The Shanghai Intellectual Property Court determines whether there are protectable interests and concludes that the degree of damage suffered by the plaintiff is not enough to meet the need for relief through the anti-unfair competition law (Beijin iQIYI Technology / Beijing Sogou Information)

The Anti-Unfair Competition Law of the People's Republic of China stipulates seven types of unfair competition, namely, label confusion (Article 6), commercial bribery (Article 7), misleading statements (Article 8), infringement on trade secrets (Article 9), improper prize-winning sales (Article 10), damage to commercial reputation and commodity reputation (Article 11) and the use of network technology to implement unfair competition (Article 12). However, with the rapid development of the Internet, a large number of untyped unfair competition practices have appeared widely. In China, judicial practice often uses the principle of “honesty and credit” and “business ethics” in Article 2 of the Anti-Unfair Competition Law to solve these untyped behaviors. To measure whether the act is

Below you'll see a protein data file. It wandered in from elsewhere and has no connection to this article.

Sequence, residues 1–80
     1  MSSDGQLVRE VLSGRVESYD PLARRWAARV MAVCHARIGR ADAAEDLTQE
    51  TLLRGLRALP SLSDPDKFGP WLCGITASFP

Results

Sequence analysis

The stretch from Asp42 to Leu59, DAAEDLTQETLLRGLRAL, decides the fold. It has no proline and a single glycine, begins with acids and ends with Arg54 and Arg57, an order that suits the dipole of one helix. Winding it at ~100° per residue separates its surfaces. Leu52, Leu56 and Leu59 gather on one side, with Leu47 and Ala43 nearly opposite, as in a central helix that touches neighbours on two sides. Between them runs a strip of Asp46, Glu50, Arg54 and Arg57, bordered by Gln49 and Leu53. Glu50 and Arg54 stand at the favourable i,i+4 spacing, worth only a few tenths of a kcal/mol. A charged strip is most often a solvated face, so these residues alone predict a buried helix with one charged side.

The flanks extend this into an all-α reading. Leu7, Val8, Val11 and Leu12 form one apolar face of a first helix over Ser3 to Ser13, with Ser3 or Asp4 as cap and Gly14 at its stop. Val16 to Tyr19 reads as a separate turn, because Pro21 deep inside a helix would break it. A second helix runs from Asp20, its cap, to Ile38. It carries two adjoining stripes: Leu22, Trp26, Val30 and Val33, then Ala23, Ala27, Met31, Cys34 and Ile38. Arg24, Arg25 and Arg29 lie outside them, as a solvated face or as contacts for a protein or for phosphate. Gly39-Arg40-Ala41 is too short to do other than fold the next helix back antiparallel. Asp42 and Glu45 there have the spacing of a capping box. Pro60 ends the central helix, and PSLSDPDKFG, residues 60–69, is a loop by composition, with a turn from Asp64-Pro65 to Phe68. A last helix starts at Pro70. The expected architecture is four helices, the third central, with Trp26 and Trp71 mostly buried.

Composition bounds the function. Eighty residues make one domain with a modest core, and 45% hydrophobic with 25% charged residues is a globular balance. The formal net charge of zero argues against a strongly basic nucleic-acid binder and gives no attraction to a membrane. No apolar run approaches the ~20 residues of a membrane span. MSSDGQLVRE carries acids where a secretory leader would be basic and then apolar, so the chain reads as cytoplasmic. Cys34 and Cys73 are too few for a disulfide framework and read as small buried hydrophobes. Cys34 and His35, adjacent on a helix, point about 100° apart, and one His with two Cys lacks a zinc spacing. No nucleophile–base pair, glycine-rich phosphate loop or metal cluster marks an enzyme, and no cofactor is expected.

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  • Beijing Foreign Studies University (Beijing)

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Gu Lingyun, The Shanghai Intellectual Property Court determines whether there are protectable interests and concludes that the degree of damage suffered by the plaintiff is not enough to meet the need for relief through the anti-unfair competition law (Beijin iQIYI Technology / Beijing Sogou Information), 10 December 2018, e-Competitions Bulletin December 2018, Art. N° 91729

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